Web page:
Updated: Aug 24, 2022
Dementia and mirrors can be a terrifying combination
Did you know that mirrors can be very disturbing for someone with Alzheimer’s disease or dementia?
If your older adult starts acting irrationally without any clear triggers, look around the room for mirrors or reflective surfaces.
Differences in lighting could also accidentally create a mirror effect. For example, in the evening and night an uncovered window looks like a mirror because the inside of the house is bright and the outside is dark.
Why are mirrors and dementia a bad combination?
Experts think that people with dementia fear mirrors because they don’t understand that they’re seeing a reflected image of themselves.
They don’t recognize the person they see and think that a stranger has suddenly appeared near them.
Being startled by this “intruder” can make them so confused and upset that they react completely irrationally. They might resist your attempts to calm them or explain that they’re safe.
A fear of mirrors could also be a reason why some seniors with dementia refuse to bathe or become agitated in the bathroom. They might be afraid because “that stranger” is always present for these personal activities.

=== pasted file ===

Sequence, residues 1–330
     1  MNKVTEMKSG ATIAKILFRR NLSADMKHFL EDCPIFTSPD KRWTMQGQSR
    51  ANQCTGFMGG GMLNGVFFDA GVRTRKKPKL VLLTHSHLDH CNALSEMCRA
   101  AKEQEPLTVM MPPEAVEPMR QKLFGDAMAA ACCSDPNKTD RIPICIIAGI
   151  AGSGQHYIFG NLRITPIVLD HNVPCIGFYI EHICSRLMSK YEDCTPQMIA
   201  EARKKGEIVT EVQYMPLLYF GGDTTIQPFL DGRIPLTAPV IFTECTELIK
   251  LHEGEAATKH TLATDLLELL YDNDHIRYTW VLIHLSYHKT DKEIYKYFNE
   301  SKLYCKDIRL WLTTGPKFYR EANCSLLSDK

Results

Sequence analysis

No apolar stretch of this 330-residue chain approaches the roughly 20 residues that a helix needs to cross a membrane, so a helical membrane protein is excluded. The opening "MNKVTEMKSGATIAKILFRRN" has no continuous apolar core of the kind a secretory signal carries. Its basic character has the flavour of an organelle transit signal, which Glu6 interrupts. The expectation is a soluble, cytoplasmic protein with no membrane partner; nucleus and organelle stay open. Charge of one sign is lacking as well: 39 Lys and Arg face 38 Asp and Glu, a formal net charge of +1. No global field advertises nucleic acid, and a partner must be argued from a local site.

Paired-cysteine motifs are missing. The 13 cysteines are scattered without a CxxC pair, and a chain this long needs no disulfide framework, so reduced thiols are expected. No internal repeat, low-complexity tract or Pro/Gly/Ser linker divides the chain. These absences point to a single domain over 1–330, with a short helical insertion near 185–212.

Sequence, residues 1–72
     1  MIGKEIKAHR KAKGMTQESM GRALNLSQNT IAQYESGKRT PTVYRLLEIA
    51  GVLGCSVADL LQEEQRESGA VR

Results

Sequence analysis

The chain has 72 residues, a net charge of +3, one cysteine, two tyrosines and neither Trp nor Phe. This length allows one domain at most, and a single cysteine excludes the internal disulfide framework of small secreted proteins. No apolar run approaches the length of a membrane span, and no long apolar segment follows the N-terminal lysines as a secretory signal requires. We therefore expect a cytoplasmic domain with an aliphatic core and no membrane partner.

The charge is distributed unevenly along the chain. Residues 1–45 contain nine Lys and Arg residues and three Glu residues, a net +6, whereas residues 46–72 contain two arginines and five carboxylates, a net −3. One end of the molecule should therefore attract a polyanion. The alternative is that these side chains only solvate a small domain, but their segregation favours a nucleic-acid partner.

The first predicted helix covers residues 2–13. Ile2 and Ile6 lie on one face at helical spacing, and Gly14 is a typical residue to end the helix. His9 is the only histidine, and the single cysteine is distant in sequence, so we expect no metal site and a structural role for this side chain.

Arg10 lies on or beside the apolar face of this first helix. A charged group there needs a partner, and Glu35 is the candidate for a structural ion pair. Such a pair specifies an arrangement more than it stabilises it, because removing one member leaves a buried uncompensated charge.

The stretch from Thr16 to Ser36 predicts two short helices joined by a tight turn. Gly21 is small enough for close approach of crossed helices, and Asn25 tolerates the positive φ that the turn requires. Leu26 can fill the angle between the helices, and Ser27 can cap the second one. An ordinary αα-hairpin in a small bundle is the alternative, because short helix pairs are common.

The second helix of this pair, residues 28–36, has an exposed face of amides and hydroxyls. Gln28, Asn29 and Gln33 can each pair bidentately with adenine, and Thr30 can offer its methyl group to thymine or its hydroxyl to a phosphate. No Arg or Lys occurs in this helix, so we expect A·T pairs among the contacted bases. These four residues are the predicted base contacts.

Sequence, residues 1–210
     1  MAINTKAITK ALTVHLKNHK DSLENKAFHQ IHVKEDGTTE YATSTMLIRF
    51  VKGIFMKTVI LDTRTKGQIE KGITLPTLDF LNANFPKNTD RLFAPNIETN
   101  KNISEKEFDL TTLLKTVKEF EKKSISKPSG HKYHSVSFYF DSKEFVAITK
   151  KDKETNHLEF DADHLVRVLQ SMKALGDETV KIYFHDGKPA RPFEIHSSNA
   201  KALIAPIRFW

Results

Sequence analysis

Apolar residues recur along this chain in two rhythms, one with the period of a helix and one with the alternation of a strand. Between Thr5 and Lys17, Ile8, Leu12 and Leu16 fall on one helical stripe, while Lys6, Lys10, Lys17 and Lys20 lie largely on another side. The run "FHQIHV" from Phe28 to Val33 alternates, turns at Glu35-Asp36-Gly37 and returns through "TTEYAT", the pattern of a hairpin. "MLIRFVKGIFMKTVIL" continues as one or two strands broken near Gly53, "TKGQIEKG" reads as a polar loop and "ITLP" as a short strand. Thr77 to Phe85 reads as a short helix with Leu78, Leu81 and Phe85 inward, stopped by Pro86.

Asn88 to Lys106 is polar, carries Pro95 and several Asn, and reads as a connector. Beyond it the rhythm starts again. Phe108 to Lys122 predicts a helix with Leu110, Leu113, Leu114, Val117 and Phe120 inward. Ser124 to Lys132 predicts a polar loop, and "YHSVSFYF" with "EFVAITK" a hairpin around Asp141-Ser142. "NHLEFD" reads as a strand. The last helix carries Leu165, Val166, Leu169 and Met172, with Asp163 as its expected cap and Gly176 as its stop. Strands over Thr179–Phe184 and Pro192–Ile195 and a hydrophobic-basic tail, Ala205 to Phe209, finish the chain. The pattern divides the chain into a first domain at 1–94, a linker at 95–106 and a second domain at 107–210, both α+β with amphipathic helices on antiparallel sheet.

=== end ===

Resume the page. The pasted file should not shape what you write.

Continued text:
10 solutions for problems caused by mirrors and dementia
Remove unnecessary mirrors, like those in their room, and any decorative mirrors around the house. If they can’t easily be removed, keep reading for tips on how to cover them.
Draw all window drapes before the sun sets.
Turn full-length standing mirrors around to face the wall and only turn them right-side out when needed. Keep the turned-around mirror in a closet or behind an open door to make it even less noticeable.
Drape a towel or large piece of cloth over wall-mounted mirrors.
Attach adhesive pleated fabric shades at the top of a mirror to cover it like a window.
Hide a mirror with a poster – soothing nature scenes like these are nice.
Transform a mirror into pretty stained glass art with special adhesive window film.
Remove or cover up mirrored medicine cabinet doors. Make sure to remove any medications or sharp objects if the door is removed.
Cover large mirrors (like mirrored closet doors) with self-adhesive contact paper in a soothing color and minimal pattern. Try simple designs like white wood panels, light maple wood, or plain light blue.
Install a curtain rod above the mirror and hang curtains to cover the mirror like it’s a window. Open the drapes anytime you need to use the mirror. Or, use semi-sheer curtains for a lighter look that can still hide reflections.